Films by Year
Films by Director
Films by Actor
Films by Actress
Films by Alphabet
TOP 100 MOVIES in 2001!
A reality TV programme picks six regular people, seemingly at random, and pits them against one another in a lethal game where the winner must kill all of their opponents.
CLICK HERE and watch 2009 MOVIES FOR FREE!
Writer-director Dan Minahan came up with his idea for Series 7 while working on a reality TV show. Seeing this staple of network television as ripe for satire, he even pitched the fake concept of random strangers forced into mortal combat to an executive in 1998. Among the first notes that came back from the executive was, "Can it be more sexy and less violent?"
It really is a case of life imitating art, as Series 7 hilariously skewers reality television while giving a worrying clue as to how far a network might go for ratings. While we haven't reached the point of regular folks being given hand guns and sent off to shoot one another, shows such as “Fear Factor” and “Survivor” aren't a hundred miles away from such a concept. Thankfully, it remains fictional for now, yet perfectly attacks everything that is wrong with reality TV and its satire still has considerable bite almost a decade after its initial release.
Series 7: The Contenders is shot as a marathon episode of a game show, apparently supported by the government, where six people are chosen from a random lottery. They are given a weapon and with seemingly no choice but to take part, each contestant must hunt down the others, with the winner being the sole survivor. As the show goes into its seventh season, the reigning Contender is Dawn (Smith), eight months pregnant and already the winner of the two previous series. All she has to do is win one more to claim her freedom, and she is determined to do so for the sake of her unborn child. Things become more complicated, however, when series seven takes place in Dawn's home town of Newbury, Connecticut. Among the other five competitors chosen is Jeff (Fitzgerald), a suicidal artist suffering from testicular cancer. We discover quite quickly that Dawn and Jeff knew each other as teenagers, which raises the ire of Jeff's wife Doria (Phillips.) The other contestants include an unemployed asbestos remover, a vicious old man living in a house papered with tin foil, an eighteen-year-old high school student pushed to win by her overbearing parents and a religious, soft-spoken nurse named Connie (brilliantly played by Marylouise Burke) who proves to have a greater killer instinct than any of the others.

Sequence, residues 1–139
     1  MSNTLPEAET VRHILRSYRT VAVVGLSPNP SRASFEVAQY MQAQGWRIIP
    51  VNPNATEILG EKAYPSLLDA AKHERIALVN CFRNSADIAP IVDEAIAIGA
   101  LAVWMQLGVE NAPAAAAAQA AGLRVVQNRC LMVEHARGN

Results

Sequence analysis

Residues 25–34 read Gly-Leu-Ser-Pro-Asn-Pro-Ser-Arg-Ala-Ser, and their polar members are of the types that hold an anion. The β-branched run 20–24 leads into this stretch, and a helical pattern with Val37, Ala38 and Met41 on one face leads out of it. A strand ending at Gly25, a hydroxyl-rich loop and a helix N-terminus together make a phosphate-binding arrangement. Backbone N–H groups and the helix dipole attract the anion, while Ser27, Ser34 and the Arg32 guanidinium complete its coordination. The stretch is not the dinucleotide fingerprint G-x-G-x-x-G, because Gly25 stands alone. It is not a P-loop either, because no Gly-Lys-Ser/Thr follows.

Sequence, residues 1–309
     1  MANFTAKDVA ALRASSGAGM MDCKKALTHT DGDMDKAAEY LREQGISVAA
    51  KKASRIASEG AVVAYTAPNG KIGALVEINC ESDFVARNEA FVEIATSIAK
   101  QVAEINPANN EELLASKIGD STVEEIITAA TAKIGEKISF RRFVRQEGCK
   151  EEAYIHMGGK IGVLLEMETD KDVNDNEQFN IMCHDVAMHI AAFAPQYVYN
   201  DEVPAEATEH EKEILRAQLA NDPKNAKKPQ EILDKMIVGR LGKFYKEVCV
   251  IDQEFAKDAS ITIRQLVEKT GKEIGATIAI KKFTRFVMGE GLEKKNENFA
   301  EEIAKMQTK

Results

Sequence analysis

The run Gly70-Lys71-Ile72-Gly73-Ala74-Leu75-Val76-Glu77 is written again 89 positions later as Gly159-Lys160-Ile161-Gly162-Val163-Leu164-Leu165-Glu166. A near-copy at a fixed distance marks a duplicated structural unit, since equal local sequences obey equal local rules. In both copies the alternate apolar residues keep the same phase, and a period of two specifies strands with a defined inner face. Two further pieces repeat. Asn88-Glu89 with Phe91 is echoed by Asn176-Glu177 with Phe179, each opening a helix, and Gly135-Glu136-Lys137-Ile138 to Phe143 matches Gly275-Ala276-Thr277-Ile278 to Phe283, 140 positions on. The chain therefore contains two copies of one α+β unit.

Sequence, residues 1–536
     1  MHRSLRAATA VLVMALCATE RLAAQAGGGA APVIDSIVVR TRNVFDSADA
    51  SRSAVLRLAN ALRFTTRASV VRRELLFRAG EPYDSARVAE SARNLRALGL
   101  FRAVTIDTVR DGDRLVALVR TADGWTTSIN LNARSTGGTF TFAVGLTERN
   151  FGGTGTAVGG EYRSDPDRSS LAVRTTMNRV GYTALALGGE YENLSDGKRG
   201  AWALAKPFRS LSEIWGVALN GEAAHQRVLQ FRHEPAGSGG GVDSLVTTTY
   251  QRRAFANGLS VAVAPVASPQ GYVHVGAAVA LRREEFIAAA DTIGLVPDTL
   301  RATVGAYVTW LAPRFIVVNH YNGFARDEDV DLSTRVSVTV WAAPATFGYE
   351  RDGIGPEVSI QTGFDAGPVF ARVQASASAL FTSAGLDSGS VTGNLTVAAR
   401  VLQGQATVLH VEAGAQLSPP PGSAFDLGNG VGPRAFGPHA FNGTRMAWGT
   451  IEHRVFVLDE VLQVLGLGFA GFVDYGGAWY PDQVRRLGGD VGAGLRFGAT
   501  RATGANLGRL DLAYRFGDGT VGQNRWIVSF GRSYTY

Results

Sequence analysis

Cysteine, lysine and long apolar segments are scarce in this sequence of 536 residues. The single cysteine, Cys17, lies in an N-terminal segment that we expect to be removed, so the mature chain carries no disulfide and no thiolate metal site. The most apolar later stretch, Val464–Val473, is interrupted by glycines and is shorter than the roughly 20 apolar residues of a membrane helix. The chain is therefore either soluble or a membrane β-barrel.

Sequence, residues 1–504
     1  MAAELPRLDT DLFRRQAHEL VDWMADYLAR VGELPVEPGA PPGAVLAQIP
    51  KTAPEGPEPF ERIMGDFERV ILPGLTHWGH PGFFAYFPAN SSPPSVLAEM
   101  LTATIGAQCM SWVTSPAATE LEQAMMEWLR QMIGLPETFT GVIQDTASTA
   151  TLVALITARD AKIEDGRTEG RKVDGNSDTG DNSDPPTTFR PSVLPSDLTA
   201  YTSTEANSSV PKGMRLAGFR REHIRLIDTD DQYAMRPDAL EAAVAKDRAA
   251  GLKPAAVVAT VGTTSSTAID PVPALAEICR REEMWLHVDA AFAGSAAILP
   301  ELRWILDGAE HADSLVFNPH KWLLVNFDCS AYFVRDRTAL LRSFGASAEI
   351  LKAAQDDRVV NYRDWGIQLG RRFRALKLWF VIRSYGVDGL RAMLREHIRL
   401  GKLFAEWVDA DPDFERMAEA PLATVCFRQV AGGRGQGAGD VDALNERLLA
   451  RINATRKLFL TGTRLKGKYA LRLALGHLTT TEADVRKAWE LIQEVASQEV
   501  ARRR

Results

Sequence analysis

It all works so well because the cast always play it straight. Their characters could easily have become two-dimensional parodies of the fame-obsessed wannabes that fill hours of television every week, but we actually start to feel sympathy for them. Just the sight of Dawn, heavily pregnant and chasing people down with a semi-automatic pistol, is so ridiculous that you can only laugh. But Dawn's motive is a simple one: all she wants is to earn her freedom and keep her child safe. Brooke Smith portrays her character as someone who is more worldly-wise than well-educated, but with enough wit and ingenuity to stay alive. Glenn Fitzgerald as Jeff, a man dying of cancer and whose sexual orientation is brought into question on national television, is full of male insecurities and fears. Emasculated by his illness and full of regrets, his seemingly perfect marriage to Doria is torn asunder by the revelations brought about thanks to the show. Angelina Phillips plays his doting wife, but one seemingly always on the verge of a nervous breakdown. It's hard to really like her, but one can sympathise with her simple naivety and the way she reacts when Jeff's feelings about Dawn come back to the fore.
However, the most memorable of the characters is Marylouise Burke's quiet nurse Connie. She seems so unassuming at first that one wonders how she'll survive more than five minutes, yet we quickly learn just how cold and clinical Connie can be. Small remarks made during interviews reveal a dark side that really comes out once the bullets start to fly. She is a complicated character, ready to kill the others for living sinful lives, but forced to help Dawn when she goes into labour during a fight. She is the closest we have to a conventional villain in this film, but the real villain is surely the people who allow her to unleash such an aggressive part of her personality.
Indeed, the true villains of Series 7: The Contenders are always the producers of the show themselves - editing sequences for maximum emotional impact, reconstructing scenes not caught on camera, even robbing us of a real climax when the original footage is "inexplicably" corrupted. Instead we get a final scene that feels like the end of a twisted Hallmark movie, and the promise of even more action in Series 8. It's true that life and television go on, and no matter what happens to any of the characters in this piece, the important thing is that it will all happen again next week. It's this total disregard for human dignity - human life - and the public's unquenchable thirst for such programming that Series 7 attacks so brilliantly. Ironically, Minahan has spent many of the years since its production working on numerous TV shows - though, fortunately, none of them reality-based. That his directorial debut has become ever more incisive is a bad sign for television but a good example of his talent as a writer and director.